Le Figaro: Sanofi will tap Bayer's Brandicourt as CEO this week

Olivier Brandicourt

PARIS--Olivier Brandicourt is the man. Sanofi ($SNY) will officially hand the reins to Brandicourt this week, Le Figaro reports, ending months of speculation about the French drugmaker's new CEO. Now heading up Bayer HealthCare, Brandicourt has reportedly been on Sanofi's short list since ex-CEO Chris Viehbacher made his untimely exit--or perhaps before.

Brandicourt will have plenty to do at Sanofi, which is revving up for a series of launches in diabetes, as well as a much-anticipated cholesterol fighter, alirocumab. The new CEO will also inherit a rejigging on the R&D side; the company ratcheted back in oncology last week, after a series of failures in the field. All this at a time when its top-selling product, Lantus, faces biosimilar competition in Europe and a high-stakes patent fight in the U.S.

Bayer HealthCare has pulled off a series of successful roll-outs, including the vision-loss injection Eylea, developed with Regeneron ($REGN), and the anticoagulant Xarelto, developed with Johnson & Johnson ($JNJ). The German drugmaker has beat sales forecasts for its newer meds quarter after quarter, and CEO Marijn Dekkers now expects its 5 newest meds to fuel 8% growth in pharma through 2016. But Brandicourt can only take partial credit for those successes; he moved into the CEO post at Bayer HealthCare in September 2013, less than 18 months ago.

Still, Brandicourt's resume ticks a series of requirements on Sanofi's list. His commercial expertise is deep; Brandicourt headed up the marketing team for Lipitor at Parke-Davis, since bought by Pfizer ($PFE). Dealmaking? When Bayer snagged Merck & Co.'s ($MRK) consumer health unit for $14.2 billion last year, he led the negotiations. Plus, Regeneron is one of Bayer HealthCare's key pharma partners. It's one of Sanofi's, too.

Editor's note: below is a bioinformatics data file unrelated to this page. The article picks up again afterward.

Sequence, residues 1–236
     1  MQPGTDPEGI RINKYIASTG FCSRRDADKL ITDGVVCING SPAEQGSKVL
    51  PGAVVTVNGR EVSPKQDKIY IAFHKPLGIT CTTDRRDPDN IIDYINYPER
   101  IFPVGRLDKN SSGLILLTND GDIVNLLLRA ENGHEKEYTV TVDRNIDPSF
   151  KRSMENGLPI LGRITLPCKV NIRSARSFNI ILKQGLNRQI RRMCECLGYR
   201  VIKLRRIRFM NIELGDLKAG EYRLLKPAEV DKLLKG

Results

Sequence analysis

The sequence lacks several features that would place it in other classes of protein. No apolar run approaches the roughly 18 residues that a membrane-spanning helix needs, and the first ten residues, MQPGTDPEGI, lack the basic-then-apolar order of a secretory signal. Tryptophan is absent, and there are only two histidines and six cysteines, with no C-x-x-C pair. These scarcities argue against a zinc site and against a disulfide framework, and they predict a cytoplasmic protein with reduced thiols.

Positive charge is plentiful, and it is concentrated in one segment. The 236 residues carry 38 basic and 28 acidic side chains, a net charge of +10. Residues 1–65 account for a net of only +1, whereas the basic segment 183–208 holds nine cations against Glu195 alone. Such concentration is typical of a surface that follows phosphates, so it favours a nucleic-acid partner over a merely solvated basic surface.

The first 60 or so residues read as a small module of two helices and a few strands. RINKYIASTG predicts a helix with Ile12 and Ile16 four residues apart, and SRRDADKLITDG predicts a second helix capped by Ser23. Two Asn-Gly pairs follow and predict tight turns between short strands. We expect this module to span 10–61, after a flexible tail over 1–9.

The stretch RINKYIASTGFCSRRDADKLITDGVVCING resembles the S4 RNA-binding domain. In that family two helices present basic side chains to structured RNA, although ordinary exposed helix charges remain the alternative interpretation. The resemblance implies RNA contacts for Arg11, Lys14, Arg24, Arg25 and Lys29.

Brandicourt's R&D background takes up less space on that C.V. A physician specializing in infectious and tropical disease, he joined Parke-Davis in 1988 as a medical director responsible for developing a malaria-fighting drug, but then jumped the fence into marketing.

Rolling out new diabetes meds, at a time when U.S. payer pressure is intensifying, will be a challenge. Sanofi surprised the market last fall by predicting little to no growth in the field for 2015, thanks to waning pricing power with Lantus and the inevitable ramp-up with new entrants Afrezza, launched in the U.S. last week, and Toujeo, still awaiting approval from the FDA.

But it's R&D where Sanofi faces the biggest questions--and perhaps the most pressure from the board. The company's recent successes in R&D primarily depended upon external partnerships--including a highly successful one with Regeneron--rather than internal innovation. Viehbacher had been struggling to shift Sanofi's center of gravity toward Boston, where the recently acquired Genzyme is based, and away from France, where Sanofi's legacy R&D operations hold sway. His plans to slash jobs and costs out of Sanofi's French labs met with fierce political resistance in the country, and, some say, cost him dearly with Sanofi's board.

Sanofi Chairman Serge Weinberg

Plans to hive off established products, including associated operations in France, certainly put Viehbacher at odds with Chairman Serge Weinberg and other directors, who say the former CEO kept them in the dark about the potential sale.

Viehbacher was Sanofi's first CEO without a French heritage. When the company pushed him out, citing irreconcilable differences, analysts and others speculated that Sanofi would seek a French replacement, and Brandicourt fits that bill. But Weinberg also promised that the new chief would also have plenty of pharma expertise and leadership experience.

Bayer HealthCare is far smaller than Sanofi, with 19 billion euros in 2013 revenue, compared with Sanofi's €33.8 billion last year. They're similarly built, however, combining prescription drugs with animal health and consumer health products, plus a hefty portion of sales derived from emerging markets.

Bayer HealthCare is also one division in a major conglomerate, rather than a standalone public company like Sanofi. The German company is said to be planning a big restructuring as it prepares to spin off its plastics business to focus on life sciences. Bayer wants to merge its HealthCare and CropScience units, each of which now operate under its own management team. Perhaps that's why Brandicourt felt ready to jump ship so soon after taking control at HealthCare. Some would have to give up head honcho rights at Bayer when two groups became one. If Sanofi had its own top-dog role to offer, then it might as well be Brandicourt.

- read the Le Figaro story (French)

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